Last week, we ran through the basics of reuse and its rising popularity. So, now that we’re all on the same page about the importance of reuse, how do we actually make like Mother Nature and reuse everything we create?

Beyond the ROI

When we spoke with the Portland Timbers about their sustainability programs, they responded by saying, “[The Timbers] generally have a good sense of what particular programs under our sustainable umbrella involve and yield, but some of the things we do is because it’s just the right thing to do.”

In a world bursting at the seams with ROI, KPIs, and other business metrics, how refreshing is it to hear that an organization might consider doing something good simply because they believe in it? 

All that said, there are plenty of benefits to implementing a reuse or recycling program. Take Anheuser-Busch for example. By implementing a consistent recycling program, their New Jersey brewery recycled nearly 79,000 tons of material, which generated roughly $1.2 million in revenue. But more than that, their program saved them $5.4 million in disposal fees. Sounds like a wise business decision to me!  And their California brewery keeps 98% of what they use out of the landfill.  

Janssen Pharmaceutical Companies of Johnson & Johnson also designed a revenue-generating reuse program. In fact, they generated over $85,000 in annual revenue by simply donating or repurposing old office furniture, computer equipment, and office supplies.

At Relan, we work with businesses to design and implement reuse programs both big and small. Here’s one more example: 

One of our clients rotates their print marketing and advertising materials quarterly. So, we built a program where every quarter, they ship their old marketing materials to us.

Their marketing team decides which products they want for the quarter, and we design and create the reused products. One quarter, they may want tote bags for their spring golf event. The next, luggage tags for their annual conference. The one constant? They are repurposing thousands of square feet of material that would otherwise end up in a landfill. 

Questions to ask before starting a reuse program

Reuse programs can be all shapes and sizes. If you’re considering a reuse or recycling program, start by answering these five questions:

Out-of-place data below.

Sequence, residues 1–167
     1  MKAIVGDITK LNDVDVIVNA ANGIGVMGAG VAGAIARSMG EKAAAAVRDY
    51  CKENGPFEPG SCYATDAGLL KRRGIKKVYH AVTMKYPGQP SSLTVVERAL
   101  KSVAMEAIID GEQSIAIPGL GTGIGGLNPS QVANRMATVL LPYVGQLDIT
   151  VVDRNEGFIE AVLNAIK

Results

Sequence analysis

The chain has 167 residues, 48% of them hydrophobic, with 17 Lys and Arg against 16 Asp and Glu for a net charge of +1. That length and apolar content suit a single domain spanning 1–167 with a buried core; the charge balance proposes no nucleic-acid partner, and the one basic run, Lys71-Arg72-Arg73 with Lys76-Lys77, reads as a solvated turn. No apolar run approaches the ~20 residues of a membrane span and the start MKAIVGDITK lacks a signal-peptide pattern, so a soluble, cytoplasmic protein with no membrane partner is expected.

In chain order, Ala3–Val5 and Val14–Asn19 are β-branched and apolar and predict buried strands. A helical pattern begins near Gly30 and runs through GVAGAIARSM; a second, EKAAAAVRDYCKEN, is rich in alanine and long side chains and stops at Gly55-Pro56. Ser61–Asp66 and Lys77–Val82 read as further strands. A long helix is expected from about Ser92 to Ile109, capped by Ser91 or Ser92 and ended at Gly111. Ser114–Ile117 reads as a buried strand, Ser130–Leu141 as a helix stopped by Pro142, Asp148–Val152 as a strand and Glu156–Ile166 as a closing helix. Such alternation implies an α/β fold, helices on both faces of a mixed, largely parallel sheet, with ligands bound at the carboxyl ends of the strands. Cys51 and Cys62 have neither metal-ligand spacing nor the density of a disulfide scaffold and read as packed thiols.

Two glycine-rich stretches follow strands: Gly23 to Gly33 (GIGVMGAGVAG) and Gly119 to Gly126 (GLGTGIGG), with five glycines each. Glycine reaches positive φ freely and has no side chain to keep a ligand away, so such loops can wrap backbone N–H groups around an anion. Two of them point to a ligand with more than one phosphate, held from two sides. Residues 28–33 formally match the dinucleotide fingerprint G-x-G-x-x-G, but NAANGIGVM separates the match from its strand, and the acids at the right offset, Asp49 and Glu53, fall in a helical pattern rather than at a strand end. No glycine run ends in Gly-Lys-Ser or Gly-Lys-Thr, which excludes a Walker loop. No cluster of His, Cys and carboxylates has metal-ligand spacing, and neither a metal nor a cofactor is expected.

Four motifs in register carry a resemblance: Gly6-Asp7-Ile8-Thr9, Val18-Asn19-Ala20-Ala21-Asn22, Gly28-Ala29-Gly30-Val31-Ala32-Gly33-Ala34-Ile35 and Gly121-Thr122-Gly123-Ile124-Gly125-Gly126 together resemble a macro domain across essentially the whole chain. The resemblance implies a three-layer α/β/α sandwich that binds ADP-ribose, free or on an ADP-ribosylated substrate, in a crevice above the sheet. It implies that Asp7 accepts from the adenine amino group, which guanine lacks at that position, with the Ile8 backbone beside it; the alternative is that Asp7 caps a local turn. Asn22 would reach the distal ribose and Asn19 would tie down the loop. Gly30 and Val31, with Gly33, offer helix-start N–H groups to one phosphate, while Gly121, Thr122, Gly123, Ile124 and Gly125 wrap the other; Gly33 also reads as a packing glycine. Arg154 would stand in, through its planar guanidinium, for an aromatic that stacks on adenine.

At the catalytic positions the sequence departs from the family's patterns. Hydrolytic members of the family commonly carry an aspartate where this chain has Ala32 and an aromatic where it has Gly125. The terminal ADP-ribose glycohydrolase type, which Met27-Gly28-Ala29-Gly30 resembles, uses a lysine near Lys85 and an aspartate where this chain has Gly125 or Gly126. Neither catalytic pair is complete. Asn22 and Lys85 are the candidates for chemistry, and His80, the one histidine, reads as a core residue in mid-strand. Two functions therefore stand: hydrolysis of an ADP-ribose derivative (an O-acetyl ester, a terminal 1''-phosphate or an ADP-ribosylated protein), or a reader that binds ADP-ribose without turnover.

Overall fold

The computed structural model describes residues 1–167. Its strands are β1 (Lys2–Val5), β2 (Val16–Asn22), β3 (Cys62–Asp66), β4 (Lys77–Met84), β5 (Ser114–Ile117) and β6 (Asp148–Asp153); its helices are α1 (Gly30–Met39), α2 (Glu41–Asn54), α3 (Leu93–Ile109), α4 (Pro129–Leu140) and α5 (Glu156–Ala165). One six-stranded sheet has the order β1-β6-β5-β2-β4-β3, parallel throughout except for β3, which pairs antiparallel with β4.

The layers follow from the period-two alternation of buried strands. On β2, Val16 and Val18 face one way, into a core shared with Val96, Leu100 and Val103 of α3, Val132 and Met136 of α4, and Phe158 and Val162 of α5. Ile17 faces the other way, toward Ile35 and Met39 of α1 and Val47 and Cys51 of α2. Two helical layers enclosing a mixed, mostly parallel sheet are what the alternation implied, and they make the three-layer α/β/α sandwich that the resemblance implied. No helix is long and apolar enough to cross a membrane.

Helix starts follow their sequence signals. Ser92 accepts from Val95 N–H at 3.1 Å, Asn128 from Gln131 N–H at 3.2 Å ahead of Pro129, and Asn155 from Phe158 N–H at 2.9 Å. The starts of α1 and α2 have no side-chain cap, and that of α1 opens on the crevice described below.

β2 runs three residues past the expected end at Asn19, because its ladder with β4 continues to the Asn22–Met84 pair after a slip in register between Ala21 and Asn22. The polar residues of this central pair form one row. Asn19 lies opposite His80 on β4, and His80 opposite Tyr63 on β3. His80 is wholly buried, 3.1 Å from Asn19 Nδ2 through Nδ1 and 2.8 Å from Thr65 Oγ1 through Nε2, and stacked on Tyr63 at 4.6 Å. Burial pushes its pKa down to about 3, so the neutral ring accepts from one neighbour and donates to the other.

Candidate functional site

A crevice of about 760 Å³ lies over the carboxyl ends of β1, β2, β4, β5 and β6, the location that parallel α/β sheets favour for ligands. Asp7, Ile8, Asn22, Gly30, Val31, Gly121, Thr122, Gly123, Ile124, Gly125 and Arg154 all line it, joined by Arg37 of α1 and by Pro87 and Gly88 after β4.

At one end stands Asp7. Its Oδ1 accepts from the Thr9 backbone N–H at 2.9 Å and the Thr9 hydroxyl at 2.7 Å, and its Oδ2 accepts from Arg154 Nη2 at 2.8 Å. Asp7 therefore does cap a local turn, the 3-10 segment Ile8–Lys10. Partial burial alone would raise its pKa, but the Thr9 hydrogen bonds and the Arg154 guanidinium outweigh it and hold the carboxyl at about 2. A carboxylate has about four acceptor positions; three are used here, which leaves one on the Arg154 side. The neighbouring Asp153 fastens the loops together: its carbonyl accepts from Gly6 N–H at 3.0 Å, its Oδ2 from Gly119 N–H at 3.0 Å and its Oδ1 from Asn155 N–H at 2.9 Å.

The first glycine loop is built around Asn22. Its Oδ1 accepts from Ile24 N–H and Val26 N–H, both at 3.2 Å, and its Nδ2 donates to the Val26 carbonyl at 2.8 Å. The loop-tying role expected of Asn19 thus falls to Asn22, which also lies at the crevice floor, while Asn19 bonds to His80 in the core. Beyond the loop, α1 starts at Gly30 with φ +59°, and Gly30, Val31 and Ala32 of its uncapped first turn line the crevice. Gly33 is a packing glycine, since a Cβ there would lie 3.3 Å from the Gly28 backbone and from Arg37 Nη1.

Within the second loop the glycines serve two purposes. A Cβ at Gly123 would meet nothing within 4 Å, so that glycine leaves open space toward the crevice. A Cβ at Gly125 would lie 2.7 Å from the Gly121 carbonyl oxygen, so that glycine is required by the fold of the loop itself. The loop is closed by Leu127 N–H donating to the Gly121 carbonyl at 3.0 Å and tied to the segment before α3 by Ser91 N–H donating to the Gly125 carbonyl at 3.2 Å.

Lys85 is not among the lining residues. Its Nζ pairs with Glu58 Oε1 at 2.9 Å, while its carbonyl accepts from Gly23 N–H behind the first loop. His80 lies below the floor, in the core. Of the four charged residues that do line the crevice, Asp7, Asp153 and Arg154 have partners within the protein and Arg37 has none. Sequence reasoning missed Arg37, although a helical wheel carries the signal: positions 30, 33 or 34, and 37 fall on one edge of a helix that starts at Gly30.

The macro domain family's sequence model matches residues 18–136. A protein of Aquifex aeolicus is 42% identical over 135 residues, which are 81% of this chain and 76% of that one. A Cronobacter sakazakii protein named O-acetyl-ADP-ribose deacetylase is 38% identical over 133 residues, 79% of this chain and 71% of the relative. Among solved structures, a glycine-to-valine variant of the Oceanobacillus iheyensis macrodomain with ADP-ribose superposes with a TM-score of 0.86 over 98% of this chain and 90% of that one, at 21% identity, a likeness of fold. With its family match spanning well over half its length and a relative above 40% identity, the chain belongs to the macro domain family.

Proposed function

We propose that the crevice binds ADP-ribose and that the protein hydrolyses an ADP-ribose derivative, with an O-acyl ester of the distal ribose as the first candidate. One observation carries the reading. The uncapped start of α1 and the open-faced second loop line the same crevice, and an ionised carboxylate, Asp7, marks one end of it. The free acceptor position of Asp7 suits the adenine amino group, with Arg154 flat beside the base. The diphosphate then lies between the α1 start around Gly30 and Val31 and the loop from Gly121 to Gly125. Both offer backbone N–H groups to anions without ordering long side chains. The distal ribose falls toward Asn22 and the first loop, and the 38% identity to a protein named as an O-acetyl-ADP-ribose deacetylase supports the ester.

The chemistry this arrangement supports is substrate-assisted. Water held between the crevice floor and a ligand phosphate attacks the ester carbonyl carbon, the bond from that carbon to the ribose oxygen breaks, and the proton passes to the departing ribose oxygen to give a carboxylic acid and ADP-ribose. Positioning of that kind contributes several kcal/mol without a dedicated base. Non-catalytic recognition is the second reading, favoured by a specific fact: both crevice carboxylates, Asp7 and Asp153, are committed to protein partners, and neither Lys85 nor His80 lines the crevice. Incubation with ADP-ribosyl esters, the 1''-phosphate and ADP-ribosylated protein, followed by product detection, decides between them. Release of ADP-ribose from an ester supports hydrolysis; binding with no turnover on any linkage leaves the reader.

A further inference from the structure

1. What materials do we currently throw away that we could reuse or recycle instead? 

Think conference banners, billboard advertisements, overprinted or overstocked t-shirts, construction mesh, or backdrops. 

2. Who needs to be involved in the process? 

This could include key decision makers in your organization, the teams that would be responsible for managing the day-to-day operations of the program, any external vendors that might be assisting you in the reuse or recycling process (think recycling groups of companies like us, who repurpose your material), influencers in your organization who can help spread the word, and your employees.

3. How frequently will you need to recycle or reuse the material? 

If you’re a high-producing factory, you may need your recycled materials picked up daily. On the other hand, if you’re a small shop with lower volume, you may be able to schedule monthly or quarterly pickups or shipments of your materials. 

4. What can you do with your recycled materials?  

The way you handle food waste is different from the way you handle overprinted t-shirts. Explore your options with both local and national vendors to see what’s possible with your material. You’d be surprised at what people can do with material that you’d otherwise throw away!  What is important to you and your organization?  Take your values and needs into account.  

5. Do you need to present a business case? 

Most programs will need to be presented and approved by decision makers in your organization. Once you’ve answered the above questions, map out an action plan, a timeline of events, and a recommended budget and estimated ROI. Don’t forget to include your “why” - your reason for implementing a program in the first place, how it positively impacts your organization, and the long-lasting benefits of such a program. 

Engaging your customers in reuse

In our next post, we’ll share what we’ve learned from our clients about engaging customers in reuse, and the benefits of strengthening relationships through a commitment to sustainability programs. 

Header image: Flickr/Reuse Warehouse